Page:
We just love working with really smart actors who can make the part their own, like Owen Wilson doing the voice of Lightning McQueen, the main character. He is unbelievable. He just added things. One little story about Owen Wilson as Lightning McQueen: we had this idea that he would have a miller sticker that was of a lightning bolt and that he could reflect light on things, it was his lucky sticker. So I went to him and I said, you know, when boys grow up, every one is born with a set of sound effects - every kid has their own sounds for what a machine gun sounds like or a bomb. Everybody also has their sound of what lighting or thunder sounds like. So you know, we were in a recording session and I said Ė tell me what thunder and lighting sounds like. And he went off; he did the funniest sounds: ďKachow! Kaching! Kachoooow!í like that. And it was really funny: "Kachow!" and I wasnít expecting that. We came back and we kept using it again and again and it became his catch phrase, purely from Owen Wilson.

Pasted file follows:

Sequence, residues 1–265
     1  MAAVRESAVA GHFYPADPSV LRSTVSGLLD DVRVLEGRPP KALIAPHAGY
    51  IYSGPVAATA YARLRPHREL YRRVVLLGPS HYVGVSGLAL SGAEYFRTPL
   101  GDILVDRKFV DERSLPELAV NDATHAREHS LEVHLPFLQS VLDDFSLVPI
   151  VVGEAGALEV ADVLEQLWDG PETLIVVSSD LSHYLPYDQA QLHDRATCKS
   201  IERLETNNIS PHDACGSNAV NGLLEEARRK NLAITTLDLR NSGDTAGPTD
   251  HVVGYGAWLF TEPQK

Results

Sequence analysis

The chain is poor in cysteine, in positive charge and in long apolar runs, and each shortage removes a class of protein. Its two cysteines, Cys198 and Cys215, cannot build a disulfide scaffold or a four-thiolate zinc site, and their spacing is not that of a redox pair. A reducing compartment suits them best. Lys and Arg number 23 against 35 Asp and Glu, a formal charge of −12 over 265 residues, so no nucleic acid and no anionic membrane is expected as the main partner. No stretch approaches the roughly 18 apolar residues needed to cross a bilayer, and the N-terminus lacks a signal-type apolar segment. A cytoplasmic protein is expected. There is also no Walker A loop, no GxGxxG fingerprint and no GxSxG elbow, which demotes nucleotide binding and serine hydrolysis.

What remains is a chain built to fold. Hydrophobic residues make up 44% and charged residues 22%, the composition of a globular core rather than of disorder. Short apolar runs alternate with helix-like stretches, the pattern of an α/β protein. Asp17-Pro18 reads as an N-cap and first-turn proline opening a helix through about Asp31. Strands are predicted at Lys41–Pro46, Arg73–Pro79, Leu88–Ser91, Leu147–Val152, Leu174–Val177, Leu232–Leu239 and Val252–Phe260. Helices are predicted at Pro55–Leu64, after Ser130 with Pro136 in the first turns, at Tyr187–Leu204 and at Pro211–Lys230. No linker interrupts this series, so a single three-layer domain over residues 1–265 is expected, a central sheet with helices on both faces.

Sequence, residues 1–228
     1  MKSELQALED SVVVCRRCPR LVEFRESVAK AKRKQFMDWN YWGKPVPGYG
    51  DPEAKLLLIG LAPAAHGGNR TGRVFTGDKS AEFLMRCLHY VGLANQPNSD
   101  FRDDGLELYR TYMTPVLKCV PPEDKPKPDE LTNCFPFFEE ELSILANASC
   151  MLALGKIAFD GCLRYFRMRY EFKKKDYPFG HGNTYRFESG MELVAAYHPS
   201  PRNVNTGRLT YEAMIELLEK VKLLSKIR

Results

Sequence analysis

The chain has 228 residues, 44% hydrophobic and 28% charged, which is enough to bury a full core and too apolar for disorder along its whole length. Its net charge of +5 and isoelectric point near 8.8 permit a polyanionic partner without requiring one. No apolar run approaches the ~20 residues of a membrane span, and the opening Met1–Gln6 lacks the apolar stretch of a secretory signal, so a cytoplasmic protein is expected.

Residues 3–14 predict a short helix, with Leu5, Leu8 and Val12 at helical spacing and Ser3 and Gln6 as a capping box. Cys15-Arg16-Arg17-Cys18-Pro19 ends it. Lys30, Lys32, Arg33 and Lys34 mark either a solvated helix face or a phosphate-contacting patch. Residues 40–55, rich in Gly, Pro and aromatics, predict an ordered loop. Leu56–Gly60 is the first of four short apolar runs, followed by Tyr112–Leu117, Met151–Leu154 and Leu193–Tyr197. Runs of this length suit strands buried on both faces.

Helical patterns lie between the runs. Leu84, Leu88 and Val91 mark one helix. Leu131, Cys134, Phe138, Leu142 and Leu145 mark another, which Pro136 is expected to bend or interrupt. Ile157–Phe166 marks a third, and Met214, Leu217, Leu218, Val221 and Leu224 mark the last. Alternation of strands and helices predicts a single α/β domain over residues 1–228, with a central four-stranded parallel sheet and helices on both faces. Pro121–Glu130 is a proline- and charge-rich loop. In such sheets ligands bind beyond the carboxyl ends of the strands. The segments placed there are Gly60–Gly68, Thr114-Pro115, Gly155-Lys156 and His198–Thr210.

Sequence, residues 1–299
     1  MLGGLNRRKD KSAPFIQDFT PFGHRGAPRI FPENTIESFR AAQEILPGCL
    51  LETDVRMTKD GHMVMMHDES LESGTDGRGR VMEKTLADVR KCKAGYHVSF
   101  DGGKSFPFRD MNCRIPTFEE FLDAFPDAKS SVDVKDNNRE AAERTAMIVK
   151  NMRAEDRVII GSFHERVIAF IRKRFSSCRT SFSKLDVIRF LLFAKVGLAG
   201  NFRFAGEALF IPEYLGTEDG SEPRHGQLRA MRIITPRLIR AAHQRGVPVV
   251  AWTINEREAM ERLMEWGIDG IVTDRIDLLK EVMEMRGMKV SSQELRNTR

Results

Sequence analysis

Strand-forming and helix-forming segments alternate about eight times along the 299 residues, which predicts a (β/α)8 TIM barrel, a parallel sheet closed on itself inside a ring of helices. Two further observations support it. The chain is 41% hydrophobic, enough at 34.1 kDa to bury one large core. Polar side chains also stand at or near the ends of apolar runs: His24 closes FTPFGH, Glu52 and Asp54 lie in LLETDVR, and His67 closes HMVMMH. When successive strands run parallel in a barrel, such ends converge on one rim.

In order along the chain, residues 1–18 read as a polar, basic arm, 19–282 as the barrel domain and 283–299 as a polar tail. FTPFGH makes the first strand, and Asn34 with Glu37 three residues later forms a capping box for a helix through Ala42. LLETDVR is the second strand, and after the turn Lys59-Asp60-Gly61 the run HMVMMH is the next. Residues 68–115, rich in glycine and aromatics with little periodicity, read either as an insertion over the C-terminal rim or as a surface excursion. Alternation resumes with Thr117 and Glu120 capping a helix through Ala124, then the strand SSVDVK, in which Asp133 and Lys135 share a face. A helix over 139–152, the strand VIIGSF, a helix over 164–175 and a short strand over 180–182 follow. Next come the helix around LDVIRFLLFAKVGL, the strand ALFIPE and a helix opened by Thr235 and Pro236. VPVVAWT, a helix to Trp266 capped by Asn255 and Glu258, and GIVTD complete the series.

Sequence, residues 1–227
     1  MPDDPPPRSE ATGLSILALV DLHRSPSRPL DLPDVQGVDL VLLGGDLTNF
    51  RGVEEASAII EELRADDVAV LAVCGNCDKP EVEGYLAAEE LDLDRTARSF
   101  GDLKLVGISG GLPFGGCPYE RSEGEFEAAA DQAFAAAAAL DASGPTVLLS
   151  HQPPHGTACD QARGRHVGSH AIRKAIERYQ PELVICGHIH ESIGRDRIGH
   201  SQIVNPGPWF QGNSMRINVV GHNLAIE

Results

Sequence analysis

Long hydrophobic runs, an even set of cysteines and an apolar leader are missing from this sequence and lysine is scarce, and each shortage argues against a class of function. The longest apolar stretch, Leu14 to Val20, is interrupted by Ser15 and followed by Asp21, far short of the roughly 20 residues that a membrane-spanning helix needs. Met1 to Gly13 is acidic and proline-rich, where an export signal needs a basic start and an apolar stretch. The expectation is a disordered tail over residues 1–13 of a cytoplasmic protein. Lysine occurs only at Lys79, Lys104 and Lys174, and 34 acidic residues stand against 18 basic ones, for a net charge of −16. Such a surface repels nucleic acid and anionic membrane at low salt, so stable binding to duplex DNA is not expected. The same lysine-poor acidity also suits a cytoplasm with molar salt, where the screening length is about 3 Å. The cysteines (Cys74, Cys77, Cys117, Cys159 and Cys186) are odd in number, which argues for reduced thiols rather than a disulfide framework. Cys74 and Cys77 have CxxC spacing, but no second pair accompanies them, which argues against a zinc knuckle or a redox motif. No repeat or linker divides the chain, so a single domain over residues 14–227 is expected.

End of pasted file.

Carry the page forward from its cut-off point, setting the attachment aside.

Then it evolved into Chick Hicks stealing the idea. Michael Keaton did a great job in the voice of Chick Hicks, and he steals that from him and so he starts doing, "Kaacheeka!" Cause we told Michael to make it seem as lame as you can get it and he went like, "Ka Ė chee- ka!í you know, and it was really, really lame and really funny. Thatís what I love to do with the actors is really work with them and make it their own and really adlib.